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WAMPStack: Fast (and easy) deployment of Apache, MySQL and PHP

Most server administrators are familiar with the terms LAMP and WAMP. This shorthand stands for a common operating system (Linux or Windows), Web server (Apache), database (MySQL) and scripting language (PHP)

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combination that hosts the majority of Web applications. In general, the OS is the interchangeable part of the equation, and while Linux and Windows are the most widely used systems, Mac and Solaris (MAMP, SAMP) also figure into the mix.

Setting up a WAMP stack can be cumbersome and unintuitive. What do you download? What do you install? Does the order matter? Plus, it's even more difficult if you don't' have experience with the elements in an AMP stack.

BitNami has an all-in-one solution for people who want to get WAMP-ed with minimal hassle. The  WAMPStack is a preconfigured Apache 2.2.13/MySQL 5.1.30/PHP 5.2.10 installation that can be set up from a single binary installer. With this product, instead of having to chase down three or more packages, you can do everything at once -- and get the most recent editions of each package. The best part is WAMPStack is completely self-contained: a separate machine or virtual appliance is not necessary, and the product uninstalls cleanly.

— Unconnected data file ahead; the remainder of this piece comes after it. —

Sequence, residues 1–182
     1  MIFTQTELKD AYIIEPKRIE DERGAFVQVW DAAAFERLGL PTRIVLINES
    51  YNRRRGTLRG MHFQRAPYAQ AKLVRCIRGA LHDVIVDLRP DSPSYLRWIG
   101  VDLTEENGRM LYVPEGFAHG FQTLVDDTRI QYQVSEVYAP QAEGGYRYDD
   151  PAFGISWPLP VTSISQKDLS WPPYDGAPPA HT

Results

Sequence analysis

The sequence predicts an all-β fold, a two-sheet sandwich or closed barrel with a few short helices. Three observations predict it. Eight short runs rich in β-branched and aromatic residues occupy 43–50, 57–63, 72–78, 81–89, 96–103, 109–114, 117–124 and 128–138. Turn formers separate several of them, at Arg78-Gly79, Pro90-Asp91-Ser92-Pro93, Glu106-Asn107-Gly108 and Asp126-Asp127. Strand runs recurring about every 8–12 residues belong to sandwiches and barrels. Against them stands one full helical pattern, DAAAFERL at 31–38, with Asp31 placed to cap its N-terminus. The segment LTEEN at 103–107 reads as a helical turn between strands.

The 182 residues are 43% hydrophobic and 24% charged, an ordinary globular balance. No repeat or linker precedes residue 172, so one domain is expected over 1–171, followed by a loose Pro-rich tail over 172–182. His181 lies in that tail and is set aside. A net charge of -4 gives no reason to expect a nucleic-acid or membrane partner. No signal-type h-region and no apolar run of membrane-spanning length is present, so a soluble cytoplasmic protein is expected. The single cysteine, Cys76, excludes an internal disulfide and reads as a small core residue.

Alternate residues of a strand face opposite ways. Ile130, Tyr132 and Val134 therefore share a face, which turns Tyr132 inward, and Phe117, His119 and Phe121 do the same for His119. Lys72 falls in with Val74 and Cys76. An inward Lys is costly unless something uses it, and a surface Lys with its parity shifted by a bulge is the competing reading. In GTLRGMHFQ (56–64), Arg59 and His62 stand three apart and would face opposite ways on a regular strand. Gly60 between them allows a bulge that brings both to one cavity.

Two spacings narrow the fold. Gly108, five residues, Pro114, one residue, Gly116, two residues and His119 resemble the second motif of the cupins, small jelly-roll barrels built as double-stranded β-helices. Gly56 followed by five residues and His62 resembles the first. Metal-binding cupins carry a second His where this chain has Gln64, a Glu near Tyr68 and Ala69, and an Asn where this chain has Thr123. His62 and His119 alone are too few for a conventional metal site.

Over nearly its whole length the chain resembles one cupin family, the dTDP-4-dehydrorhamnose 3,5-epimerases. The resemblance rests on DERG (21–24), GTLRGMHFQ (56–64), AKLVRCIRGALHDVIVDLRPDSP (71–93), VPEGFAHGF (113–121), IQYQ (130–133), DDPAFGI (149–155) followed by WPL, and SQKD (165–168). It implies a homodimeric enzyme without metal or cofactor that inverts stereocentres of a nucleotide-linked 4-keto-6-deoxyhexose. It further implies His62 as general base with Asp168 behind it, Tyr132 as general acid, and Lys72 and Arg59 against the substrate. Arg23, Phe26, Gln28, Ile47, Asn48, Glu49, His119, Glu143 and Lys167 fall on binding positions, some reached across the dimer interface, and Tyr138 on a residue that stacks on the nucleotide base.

Note that although MySQL can be administered from the command line, most people will want to avoid doing this -- especially if they're only installing MySQL on a provisional basis or for the sake of running some other application that requires it (i.e. a blogging suite or CMS). To that end, WAMPStack also installs phpMyAdmin, an administrative console for MySQL, shown in the figure below, which makes it easier to create and administer MySQL databases. This console is accessed through a Web browser -- no extra configuration or software is required.

Figure 1: The administrative console for MySQL, phpMyAdmin (click to enlarge)

To install WAMPStack, you need to know how certain elements in the stack work. For example, you'll need to provide passwords for MySQL's root (administrator) and anonymous-access accounts (which cannot be empty). Check out the WAMPStack quick-start guide, which explains almost everything you need to know for installation.

ABOUT THE AUTHOR:
Serdar Yegulalp has been writing about computers and information technology for more than 15 years for a variety of publications, including InformationWeek and Windows Magazine.

This was first published in February 2010

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